Nearly two hundred meet to talk event homes in Sandbridge while city works toward rules

Nearly 200 people attended the Monday, Sept. 21, meeting of the Sandbridge Beach Civic League, which included a discussion of event homes in the community. [The Princess Anne Independent News]
Nearly 200 people attended the Monday, Sept. 21, meeting of the Sandbridge Beach Civic League, which included a discussion of event homes in the community. [The Princess Anne Independent News]

SANDBRIDGE — City officials are still investigating approaches to dealing with event homes, mansions that have become an annoyance to some neighbors due to parties and special events that bring a large number of people and associated challenges such as noise and parking.

The officials researching the matter presented some ideas and possible difficulties in dealing with the issue during a meeting of the Sandbridge Beach Civic League at Sandbridge Community Chapel United Methodist Church. Nearly 200 people attended the meetings, with some sitting in the sanctuary’s balcony and others filling chairs set up in a hallway.

City Zoning Administrator Karen Lasley led a presentation on research the city has done to date. Though formal consideration does not seem imminent, the Beach is looking at past action in Cape May, N.J. [Previous reporting by The Independent News on this issue can be read by clicking on this link.]

Last year, the city council in that community unanimously passed an ordinance defining the homes as “one owned, maintained and/or advertised as a destination for gatherings of guests who are not living in the building,” according to The Cape May County Herald.

There, the use of the houses for events is prohibited between July 1 and Labor Day, and the ordinance “effectively bars event houses from residential areas,” the newspaper reported. Virginia Beach city officials did not indicate they were considering steps quite that drastic, but officials discussed putting some sort of policy in place with city council direction.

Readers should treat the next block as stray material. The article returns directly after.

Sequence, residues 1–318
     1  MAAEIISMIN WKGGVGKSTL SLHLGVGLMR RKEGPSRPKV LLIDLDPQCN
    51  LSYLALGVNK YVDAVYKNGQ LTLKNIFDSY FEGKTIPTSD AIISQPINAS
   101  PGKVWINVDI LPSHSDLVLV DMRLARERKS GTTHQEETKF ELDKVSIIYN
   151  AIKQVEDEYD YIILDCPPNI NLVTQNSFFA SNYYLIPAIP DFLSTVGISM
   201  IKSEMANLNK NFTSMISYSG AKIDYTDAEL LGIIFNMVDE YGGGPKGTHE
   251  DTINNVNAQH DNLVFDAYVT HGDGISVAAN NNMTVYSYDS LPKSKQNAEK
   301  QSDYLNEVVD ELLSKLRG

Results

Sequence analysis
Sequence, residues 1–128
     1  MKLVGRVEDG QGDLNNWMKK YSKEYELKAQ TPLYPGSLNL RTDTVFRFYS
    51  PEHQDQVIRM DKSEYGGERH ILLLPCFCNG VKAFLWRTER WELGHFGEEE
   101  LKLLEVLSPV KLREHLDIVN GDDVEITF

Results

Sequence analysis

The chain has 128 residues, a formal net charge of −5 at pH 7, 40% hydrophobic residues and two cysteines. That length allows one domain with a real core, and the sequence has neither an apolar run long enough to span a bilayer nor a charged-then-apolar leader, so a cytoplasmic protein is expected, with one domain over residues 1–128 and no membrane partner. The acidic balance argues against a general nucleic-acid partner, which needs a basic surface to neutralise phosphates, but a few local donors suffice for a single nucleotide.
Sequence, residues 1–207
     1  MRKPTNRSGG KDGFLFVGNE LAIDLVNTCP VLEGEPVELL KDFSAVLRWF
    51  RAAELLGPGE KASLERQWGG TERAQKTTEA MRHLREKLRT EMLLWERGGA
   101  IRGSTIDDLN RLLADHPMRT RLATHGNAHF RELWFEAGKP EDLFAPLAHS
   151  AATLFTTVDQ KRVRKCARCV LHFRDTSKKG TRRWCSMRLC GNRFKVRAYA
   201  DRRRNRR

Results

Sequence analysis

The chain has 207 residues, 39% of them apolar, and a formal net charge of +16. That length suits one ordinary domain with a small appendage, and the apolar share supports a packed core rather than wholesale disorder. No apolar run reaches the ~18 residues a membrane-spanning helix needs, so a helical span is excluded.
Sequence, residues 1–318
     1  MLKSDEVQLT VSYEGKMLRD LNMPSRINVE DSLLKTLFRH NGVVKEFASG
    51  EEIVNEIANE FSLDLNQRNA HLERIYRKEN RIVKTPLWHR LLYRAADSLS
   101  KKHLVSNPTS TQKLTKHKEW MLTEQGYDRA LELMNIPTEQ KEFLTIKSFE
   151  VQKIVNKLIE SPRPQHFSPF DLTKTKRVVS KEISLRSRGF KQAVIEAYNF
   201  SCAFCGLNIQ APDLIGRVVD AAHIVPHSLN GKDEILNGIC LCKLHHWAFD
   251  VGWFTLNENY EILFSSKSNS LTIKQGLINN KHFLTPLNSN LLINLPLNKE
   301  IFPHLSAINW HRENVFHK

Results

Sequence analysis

If that happened, Lasley said, there would be enforcement tools, too. 

In Sandbridge, the head of a civic league committee on the matter has estimated there are more than 50 such homes. There is division among some on the matter, and some property owner are concerned. “I know that this has caused a lot of conflict, and I hope that we can work together to find a workable solution,” Lasley said.

Lasley said the Beach, traditionally, has had longterm rentals of houses around the city while shorter term rentals are common near the beach and water. Officials have tried to enforce a standard of no more than three event home events per year as the issue has grown, but Lasley has noted that this is not backed up by code.

“Enforcement is extremely, extremely difficult,” Lasley said during the meeting.

“Who keeps track of the events being held?” resident Susan Sadowksi asked.

“Right now,” Lasley replied, “all we do is go by neighbor complaints.”

The city seems to be steering clear of the wider issue of short-term rentals in Sandbridge as a whole. Both locals and other investors rent property to tourists. 

The distinction here is the city’s focus on mansions holding events and concerns that these essentially are businesses operating within a residential community. Most of the community is zoned for single-family houses.

Lasley also presented information from law enforcement, which noted that “95 percent” of the gatherings are family-friendly, and that parties happen at both residences and rental locations. 

And she said city lawyers also are researching this, with the hope of giving members of the council some options.

A number of members of the community spoke, asked questions or listened, with some concerned about their own property rights and others concerned about the impact of big properties in a community in which parking can be a challenge.

Pedro Becerra was among the property owners concerned that future city action might effect other people with homes that they rent out.

“Several of us live here and we are property owners,” he said said in an interview, adding that Sandbridge mostly has parking problems with people using the beach.

Those who live near the big houses may see it differently, however. Alex Echols, who lives here part of the year, has a home between two of the event houses. 

“It’s their house,” he said in an interview. “We want them to use it, but we don’t want it to impede the use of our house. The worst problem is usually the noise, when they wake me at 2 a.m., but, when they block me in my driveway, that’s a safety problem.”

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